Additional positive cases of COVID-19 hit an all-time daily high of 234 Sunday, Dallas County health officials reported. The new cases bring the total case count to 4,133, including 111 deaths.
One new death – a Dallas woman in her 70s – was also reported.
“Today’s numbers are the highest we have seen so far. I’m hopeful that the medical models will prove correct and we are nearing the peak. Much of that will be determined by the choices each one of us makes,” said Dallas County Judge Clay Jenkins. “Please avoid crowds, maintain 6-foot distancing, and wear a cloth face covering at businesses.”
Many of the cases requiring hospitalization have reported working in critical infrastructure. The county said just shy of 80% of the hospitalizations have reported working in healthcare, transportation, food and agriculture (which Jenkins said at a recent press conference includes places like grocery stores and other establishments where you can buy food), public works, finance, communications, clergy, and first responders.
In his evening newsletter, Dallas Mayor Eric Johnson said that 25 hospitals reported their bed availability Saturday. Of the 5,710 total beds, 58% are occupied – which is up by roughly 100 beds compared to last weekend’s occupancy rates. Of the 827 ICU beds available, 63% (or 521) are occupied, compared to 505 last weekend. And 344 of the total 943 ventilators available are currently in use.
In the county’s May 1 aggregate report, most cases continue to be between the ages of 18 and 60, with the 18-40 age group accounting for 36% of the cases, and the 41-64 age group accounting for 44% of the total cases.
There were 1,876 men who were diagnosed with the novel coronavirus (or roughly 53%) and 1,644 women.
Close contact or community transmission continues to be the biggest risk factor for contracting COVID-19, accounting for roughly 81% of all cases. Living in a long-term care facility, being incarcerated, and domestic travel are a distant second, third, and fourth, at 6.7%, 5.9%, and 3.2%, respectively.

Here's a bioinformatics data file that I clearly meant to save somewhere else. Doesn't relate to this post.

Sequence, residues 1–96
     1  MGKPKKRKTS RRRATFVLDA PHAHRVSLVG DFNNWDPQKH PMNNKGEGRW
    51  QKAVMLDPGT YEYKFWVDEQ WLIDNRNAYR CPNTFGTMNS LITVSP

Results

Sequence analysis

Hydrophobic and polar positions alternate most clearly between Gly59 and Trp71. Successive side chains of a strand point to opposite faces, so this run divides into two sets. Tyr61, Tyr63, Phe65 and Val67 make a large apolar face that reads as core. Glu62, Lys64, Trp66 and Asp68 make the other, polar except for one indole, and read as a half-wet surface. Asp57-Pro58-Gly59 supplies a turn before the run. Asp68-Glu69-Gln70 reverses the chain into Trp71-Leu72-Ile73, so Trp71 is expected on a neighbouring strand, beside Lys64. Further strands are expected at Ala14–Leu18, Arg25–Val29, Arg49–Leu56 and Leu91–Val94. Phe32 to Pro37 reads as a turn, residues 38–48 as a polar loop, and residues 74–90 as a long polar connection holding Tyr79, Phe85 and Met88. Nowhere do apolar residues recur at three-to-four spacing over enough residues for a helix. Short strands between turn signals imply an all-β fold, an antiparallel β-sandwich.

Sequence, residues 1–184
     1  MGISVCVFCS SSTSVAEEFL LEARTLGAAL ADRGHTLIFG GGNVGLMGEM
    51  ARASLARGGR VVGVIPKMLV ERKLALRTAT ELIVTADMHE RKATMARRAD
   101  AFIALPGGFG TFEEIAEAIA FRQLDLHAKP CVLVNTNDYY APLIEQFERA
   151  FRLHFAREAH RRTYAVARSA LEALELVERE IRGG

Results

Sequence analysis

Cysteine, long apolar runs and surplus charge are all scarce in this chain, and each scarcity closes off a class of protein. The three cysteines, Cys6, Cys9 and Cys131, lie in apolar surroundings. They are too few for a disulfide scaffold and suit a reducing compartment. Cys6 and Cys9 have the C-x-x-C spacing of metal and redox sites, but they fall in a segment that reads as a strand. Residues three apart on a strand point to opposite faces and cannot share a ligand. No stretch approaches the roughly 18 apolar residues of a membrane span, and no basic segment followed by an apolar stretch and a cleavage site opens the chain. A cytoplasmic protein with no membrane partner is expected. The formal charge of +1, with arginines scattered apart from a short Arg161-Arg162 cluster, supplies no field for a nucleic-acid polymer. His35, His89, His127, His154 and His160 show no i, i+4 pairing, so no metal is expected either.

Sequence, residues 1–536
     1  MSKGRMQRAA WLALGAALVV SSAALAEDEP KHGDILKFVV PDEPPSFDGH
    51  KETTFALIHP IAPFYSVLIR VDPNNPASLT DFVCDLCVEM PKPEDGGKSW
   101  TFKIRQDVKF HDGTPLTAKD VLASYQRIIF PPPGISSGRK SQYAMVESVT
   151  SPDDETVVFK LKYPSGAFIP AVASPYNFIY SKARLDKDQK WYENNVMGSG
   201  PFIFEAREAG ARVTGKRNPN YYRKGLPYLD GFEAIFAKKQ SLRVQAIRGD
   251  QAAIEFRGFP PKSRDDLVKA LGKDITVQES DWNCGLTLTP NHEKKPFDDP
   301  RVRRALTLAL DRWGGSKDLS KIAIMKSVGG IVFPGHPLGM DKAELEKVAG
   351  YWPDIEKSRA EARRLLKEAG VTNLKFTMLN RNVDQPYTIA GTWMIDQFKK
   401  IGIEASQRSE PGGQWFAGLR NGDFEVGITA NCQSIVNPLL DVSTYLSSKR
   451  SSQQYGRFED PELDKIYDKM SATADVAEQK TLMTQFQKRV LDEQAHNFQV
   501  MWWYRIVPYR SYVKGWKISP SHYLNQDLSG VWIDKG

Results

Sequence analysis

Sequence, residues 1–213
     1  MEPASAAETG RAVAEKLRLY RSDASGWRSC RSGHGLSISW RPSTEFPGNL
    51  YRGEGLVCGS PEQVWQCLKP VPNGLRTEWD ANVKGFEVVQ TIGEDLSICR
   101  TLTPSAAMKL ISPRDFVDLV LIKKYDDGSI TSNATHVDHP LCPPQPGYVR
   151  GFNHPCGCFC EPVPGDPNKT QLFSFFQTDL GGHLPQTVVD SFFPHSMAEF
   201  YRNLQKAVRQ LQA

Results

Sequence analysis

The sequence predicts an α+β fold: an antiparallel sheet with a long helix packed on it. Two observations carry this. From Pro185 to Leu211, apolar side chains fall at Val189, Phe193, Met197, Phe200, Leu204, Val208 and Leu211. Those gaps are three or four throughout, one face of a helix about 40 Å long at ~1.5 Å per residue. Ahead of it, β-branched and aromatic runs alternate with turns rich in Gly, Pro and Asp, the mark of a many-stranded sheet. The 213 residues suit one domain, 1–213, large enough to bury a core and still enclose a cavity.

Of the testing done, positive cases accounted for 11.7% as of April 25, with 309 positives coming from 2,647 tests.
However, both Johnson and Jenkins have taken pains to point out that less than one percent of the county’s population is being tested.
Twenty-four percent of all cases end up hospitalized – 30% end up in critical care, and 19% end up on a ventilator.
Of the 111 total deaths reported to date, about 40% have been associated with long-term care facilities. Only 26% of those deaths were people younger than 65 – but that number has risen from 22% last weekend with the deaths of two men in their 20s and a 17-year-old girl.
In a city-by-city breakdown, Dallas still comes in with the highest number of cases – 2,047, or 55.1%. Highland Park has 16 cases so far, and University Park has 25.
The county does not count recoveries because it’s not a variable being used nationally by the Centers for Disease Control and Prevention, nor by state health departments. However, one can extrapolate that the 76% of total cases that have not been hospitalized – at the very least – are on their way to recovery or have recovered, county officials explained recently.
“The exact number of patients who have been released from area hospitals to continue their recovery at home is not available at this time,” Lauren Trimble, Dallas County Judge Clay Jenkins’ chief of staff, said.